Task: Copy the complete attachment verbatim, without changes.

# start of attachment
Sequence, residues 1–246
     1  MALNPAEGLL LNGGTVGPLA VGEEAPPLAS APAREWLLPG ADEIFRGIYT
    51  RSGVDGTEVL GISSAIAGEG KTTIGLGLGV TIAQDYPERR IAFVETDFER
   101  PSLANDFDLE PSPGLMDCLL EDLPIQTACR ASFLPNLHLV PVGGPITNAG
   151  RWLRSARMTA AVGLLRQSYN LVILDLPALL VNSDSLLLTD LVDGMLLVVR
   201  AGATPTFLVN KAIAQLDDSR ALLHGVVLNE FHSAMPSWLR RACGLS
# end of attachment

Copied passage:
Sequence, residues 1–246
     1  MALNPAEGLL LNGGTVGPLA VGEEAPPLAS APAREWLLPG ADEIFRGIYT
    51  RSGVDGTEVL GISSAIAGEG KTTIGLGLGV TIAQDYPERR IAFVETDFER
   101  PSLANDFDLE PSPGLMDCLL EDLPIQTACR ASFLPNLHLV PVGGPITNAG
   151  RWLRSARMTA AVGLLRQSYN LVILDLPALL VNSDSLLLTD LVDGMLLVVR
   201  AGATPTFLVN KAIAQLDDSR ALLHGVVLNE FHSAMPSWLR RACGLS